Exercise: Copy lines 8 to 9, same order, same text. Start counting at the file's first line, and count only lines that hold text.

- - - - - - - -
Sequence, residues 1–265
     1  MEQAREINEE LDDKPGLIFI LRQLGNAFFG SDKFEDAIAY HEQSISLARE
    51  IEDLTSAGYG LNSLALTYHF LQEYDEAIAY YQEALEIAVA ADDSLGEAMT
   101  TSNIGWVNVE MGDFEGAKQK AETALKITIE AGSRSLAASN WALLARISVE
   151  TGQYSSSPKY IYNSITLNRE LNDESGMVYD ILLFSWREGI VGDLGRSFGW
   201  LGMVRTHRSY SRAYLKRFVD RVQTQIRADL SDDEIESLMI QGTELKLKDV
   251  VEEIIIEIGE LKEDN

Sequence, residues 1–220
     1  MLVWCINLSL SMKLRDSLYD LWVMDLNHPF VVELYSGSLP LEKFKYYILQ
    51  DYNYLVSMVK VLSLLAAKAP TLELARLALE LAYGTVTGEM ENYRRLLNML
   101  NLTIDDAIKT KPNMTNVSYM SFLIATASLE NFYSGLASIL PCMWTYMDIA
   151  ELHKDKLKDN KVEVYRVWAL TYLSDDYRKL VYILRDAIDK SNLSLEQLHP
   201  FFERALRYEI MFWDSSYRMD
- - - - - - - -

Sequence, residues 1–220
     1  MLVWCINLSL SMKLRDSLYD LWVMDLNHPF VVELYSGSLP LEKFKYYILQ